Sheffield City Council v Hazel St Clare Oliver [2017] EWCA Civ 225


The Court of Appeal dismissed the appeal and concluded that the Upper Tribunal had been right to hold that the service charge payable by a lessee should not be calculated without reference to the receipt of funds from a commercial third party, where those funds had been specifically intended to meet the cost of part of the works.

Relevant facts

Ms Oliver was the leaseholder of a flat (‘the Property’) where Sheffield City Council (‘the Council’) was her landlord. The Property was one of a small number of flats held by leaseholders on the Landsdowne and Hanover estate (‘the Estate’), the remaining residential units were occupied by social housing tenants. Under the terms of her lease, she was required to pay a service charge consisting of a “fair proportion… [as]… determined by the City Treasurer….” in respect of the costs which were “incurred” by the Council in respect of, inter alia, repairs and improvements to the building containing her flat.

In 2011, the Council embarked on a large-scale refurbishment; the proposed work included, inter alia, re-cladding, a new central heating system, new boilers and the provision of thermostatically controlled radiator valves; the works were completed in 2013, costing £11,438,801.80. The Council sought to recover £615,323.64 through the service charge provisions and £9,378.72 from Ms Oliver specifically. As part of the refurbishment scheme, the Council had been provided with financial assistance via the Community Energy Savings Programme which required commercial gas and electricity suppliers to fund energy saving measures for low income consumers. It enabled gas and electricity suppliers to meet carbon emissions targets either by making arrangements with individual home owners or with social housing providers.

The Council claimed and received £2,210.41 for work done specifically to Ms Oliver's flat together with a ‘whole house bonus’ being an uplift worth 100%. The Council decided not to deduct the amounts received from the service charges levied against leaseholders (including Ms Oliver) on the basis that some blocks had not qualified for funding; as such, it was considered unfair to allow some leaseholders an allowance against their contribution but not others.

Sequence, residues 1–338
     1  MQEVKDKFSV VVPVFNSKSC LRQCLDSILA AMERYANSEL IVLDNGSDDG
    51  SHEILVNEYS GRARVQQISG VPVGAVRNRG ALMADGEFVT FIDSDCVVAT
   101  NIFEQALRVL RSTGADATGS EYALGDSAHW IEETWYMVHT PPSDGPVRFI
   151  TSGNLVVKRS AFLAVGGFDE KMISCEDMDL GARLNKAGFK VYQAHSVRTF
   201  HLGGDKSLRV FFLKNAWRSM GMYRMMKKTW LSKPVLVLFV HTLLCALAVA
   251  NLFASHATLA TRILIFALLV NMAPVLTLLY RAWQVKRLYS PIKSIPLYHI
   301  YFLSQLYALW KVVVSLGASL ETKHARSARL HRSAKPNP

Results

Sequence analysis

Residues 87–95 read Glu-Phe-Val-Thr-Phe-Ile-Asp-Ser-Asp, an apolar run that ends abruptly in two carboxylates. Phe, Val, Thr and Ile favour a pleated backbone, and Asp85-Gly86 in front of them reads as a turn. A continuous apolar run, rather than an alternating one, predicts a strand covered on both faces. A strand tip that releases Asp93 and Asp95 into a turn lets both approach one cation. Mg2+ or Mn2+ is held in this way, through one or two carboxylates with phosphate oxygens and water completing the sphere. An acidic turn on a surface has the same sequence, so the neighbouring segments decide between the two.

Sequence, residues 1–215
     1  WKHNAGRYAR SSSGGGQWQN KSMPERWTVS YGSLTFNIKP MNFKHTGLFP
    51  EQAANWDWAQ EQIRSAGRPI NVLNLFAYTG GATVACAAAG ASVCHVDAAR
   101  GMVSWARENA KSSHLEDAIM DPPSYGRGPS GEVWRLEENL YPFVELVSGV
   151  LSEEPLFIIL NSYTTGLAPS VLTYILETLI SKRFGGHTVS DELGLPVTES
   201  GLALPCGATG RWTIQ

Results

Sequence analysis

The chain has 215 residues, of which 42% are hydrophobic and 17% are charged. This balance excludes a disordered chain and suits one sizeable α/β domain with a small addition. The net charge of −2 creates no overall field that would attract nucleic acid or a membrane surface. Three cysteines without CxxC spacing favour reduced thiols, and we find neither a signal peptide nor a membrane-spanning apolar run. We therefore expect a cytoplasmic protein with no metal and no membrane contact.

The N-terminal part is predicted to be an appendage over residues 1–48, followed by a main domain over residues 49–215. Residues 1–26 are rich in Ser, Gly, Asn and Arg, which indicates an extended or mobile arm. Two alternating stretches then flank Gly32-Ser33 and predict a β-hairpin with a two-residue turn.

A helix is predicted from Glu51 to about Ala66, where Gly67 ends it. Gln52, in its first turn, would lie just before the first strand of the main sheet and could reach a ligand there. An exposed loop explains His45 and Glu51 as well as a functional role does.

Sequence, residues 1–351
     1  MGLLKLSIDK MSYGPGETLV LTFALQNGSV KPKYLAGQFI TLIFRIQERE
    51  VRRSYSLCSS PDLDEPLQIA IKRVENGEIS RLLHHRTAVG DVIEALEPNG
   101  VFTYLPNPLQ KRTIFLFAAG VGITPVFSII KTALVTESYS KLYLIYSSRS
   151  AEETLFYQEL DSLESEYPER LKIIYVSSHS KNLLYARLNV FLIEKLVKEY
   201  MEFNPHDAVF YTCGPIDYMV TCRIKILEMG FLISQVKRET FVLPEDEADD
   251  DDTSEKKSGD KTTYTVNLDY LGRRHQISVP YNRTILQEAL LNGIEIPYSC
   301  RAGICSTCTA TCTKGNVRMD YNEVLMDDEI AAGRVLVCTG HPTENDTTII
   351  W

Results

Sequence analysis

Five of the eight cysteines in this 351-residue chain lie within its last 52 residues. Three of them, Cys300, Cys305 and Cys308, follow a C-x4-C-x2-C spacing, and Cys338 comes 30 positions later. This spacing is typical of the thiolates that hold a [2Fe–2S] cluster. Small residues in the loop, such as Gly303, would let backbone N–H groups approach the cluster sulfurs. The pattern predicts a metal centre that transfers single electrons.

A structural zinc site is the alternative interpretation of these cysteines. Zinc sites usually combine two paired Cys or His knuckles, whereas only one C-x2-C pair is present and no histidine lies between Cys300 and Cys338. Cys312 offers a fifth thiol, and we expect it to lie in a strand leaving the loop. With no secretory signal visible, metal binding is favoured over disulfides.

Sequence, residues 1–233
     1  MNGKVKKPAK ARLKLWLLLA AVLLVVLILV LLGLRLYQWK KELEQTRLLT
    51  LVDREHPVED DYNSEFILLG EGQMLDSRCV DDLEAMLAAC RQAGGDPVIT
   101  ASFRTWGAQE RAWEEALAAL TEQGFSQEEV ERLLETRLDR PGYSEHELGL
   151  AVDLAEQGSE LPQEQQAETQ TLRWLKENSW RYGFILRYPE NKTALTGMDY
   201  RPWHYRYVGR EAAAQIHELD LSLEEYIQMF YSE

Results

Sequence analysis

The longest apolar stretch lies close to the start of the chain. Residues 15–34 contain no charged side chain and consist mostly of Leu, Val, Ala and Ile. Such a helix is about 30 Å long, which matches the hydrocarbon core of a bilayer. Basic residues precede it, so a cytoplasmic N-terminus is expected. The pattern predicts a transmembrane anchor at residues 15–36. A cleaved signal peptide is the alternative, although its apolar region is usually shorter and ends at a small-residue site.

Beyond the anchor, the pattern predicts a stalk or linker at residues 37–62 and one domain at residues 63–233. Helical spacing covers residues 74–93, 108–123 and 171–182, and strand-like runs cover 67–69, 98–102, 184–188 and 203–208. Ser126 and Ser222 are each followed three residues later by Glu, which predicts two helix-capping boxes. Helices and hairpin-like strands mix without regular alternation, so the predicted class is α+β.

Appeal to the Upper Tribunal

In proceedings before the First-tier Tribunal, the Council had succeeded in establishing that the service charges to be incurred in respect of the proposed refurbishment scheme were reasonable. Ms Oliver appealed, and lost again on the reasonableness point but succeeded on the question as to whether the Council should have deducted the CESP receipts. Martin Roger QC determined, inter alia, that the relevant costs had not been ‘incurred’ by the Council within the meaning of the Lease and, as a consequence, the retention of the funding whilst recovering the leaseholders' contributions towards the cost of the work in full amounted to double recovery.

Court of Appeal

The Council appealed to the Court of Appeal arguing that it was not a permissible construction of the relevant provisions in the Lease to conclude that the Council had not "incurred" costs in relation to items of refurbishment. Rather, it was contended that the manner in which the Council recouped the expenditure, whether from CESP funding or from service charge contributions levied against long leaseholders, was irrelevant. In addition, there was nothing unfair about the apportionment adopted by the Council.

The Court of Appeal rejected this argument; allowing a double recovery ‘would produce a result which reasonable parties in the position of the Council and Ms Oliver could not sensibly have intended.’ To that end, the requirement that a leaseholder a pay “fair proportion” of the costs incurred by the Council should be read to include any credit given for CESP monies.  

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